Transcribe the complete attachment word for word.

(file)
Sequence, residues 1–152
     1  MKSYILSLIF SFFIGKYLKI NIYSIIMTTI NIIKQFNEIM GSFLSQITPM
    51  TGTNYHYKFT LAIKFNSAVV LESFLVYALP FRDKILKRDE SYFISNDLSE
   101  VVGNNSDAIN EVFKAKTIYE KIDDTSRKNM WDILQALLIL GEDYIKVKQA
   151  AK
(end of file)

Sequence, residues 1–152
     1  MKSYILSLIF SFFIGKYLKI NIYSIIMTTI NIIKQFNEIM GSFLSQITPM
    51  TGTNYHYKFT LAIKFNSAVV LESFLVYALP FRDKILKRDE SYFISNDLSE
   101  VVGNNSDAIN EVFKAKTIYE KIDDTSRKNM WDILQALLIL GEDYIKVKQA
   151  AK